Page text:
The Chinese government has granted preliminary approval for nine Donald Trump trademarks it had previously rejected, in whole or in part, The Associated Press found, a turn that is likely to fuel further allegations that Beijing may be giving the US president’s family business special treatment.
Trump’s decision to retain ownership of his global branding empire has sparked criticism over perceived conflicts of interest and three lawsuits, including one filed on Wednesday by nearly 200 Democratic lawmakers, which allege violations of a constitutional prohibition against accepting gifts from foreign governments.
Trademarks lie at the heart of these complaints because they are granted by foreign states and can be enormously valuable — whether they are intended as groundwork for future business activity or defensive measures to protect a brand from squatters.
Publicly available records do not indicate why the nine applications were initially rejected, or why the trademarks were then granted provisional approval eight to 15 weeks later.
“The speed with which these appeals were decided is mind-blowing,” said Matthew Dresden, an intellectual property attorney at Harris Bricken in Seattle. “I have never seen any decisions made that quickly. That suggests special treatment. But that’s just procedural. Substantively, it’s impossible to say whether any of this is unusual.”
The Chinese Trademark Office did not respond to requests for comment on Wednesday.
The new provisional approvals further shore up the US president’s brand in China, conferring potential rights to the use of Chinese versions of his name for beauty salon services, socks, human resources consulting and advertising, among other things, and the Trump brand, in English, for jewelry and watch repair.
If there are no objections, the marks will be formally registered after 90 days.
China has also granted formal approval for dozens of Trump trademarks in the past few weeks, bringing to 39 the total number of official registrations China has given the Trump family business since he took office, according to records from the Trademark Office.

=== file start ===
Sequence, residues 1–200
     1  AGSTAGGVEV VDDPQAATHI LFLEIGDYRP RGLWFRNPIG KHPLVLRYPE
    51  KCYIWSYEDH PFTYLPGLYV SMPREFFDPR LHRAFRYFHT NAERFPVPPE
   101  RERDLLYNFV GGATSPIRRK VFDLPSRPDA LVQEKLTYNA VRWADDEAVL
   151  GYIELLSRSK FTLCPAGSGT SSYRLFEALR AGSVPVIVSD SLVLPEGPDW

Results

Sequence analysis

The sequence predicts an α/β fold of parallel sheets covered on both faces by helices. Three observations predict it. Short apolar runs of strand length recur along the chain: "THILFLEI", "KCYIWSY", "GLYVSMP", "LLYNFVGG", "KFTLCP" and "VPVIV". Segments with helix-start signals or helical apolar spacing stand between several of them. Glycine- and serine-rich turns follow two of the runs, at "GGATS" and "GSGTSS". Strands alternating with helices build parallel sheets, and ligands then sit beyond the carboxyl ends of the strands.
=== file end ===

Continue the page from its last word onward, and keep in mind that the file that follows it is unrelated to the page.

Those marks include branded spa and massage services, golf clubs, hotels, insurance, finance and real-estate companies, restaurants, bars, and a trademark class that covers bodyguards, social escorts and concierge services, Chinese records show.
It is not unusual for trademark rejections to be overturned on appeal, said You Yunting, a partner at DeBund Law Offices in Shanghai.
The Trademark Office database contained no indication Trump’s lawyers had appealed the trademark rejections, but said it can take months for such actions to be publicly noted. If the initial denial was only partial, some elements of the applications can move forward without an appeal, in which case reversals can be swift.
“Considering the political element, the authorities are definitely not going to admit special treatment, but the possibility cannot be excluded,” You said. “Even if the Trademark Office helped Trump, it would be very difficult to find the wrongdoing on the surface.”
China has defended its handling of trademarks belonging to the president and his daughter, Ivanka Trump, who has also been expanding her collection of Chinese trademarks , as fair and in line with Chinese law.
Ivanka Trump’s brand has won provisional approval for at least seven new trademarks since she took on an official role at the White House.
The Trump Organization now has at least 125 trademarks in China formally or provisionally approved, according to Chinese public records. Just four were invalidated, back in 2013.
Three more have been rejected, with appeals pending, and one application is dead, the Trademark Office database showed.
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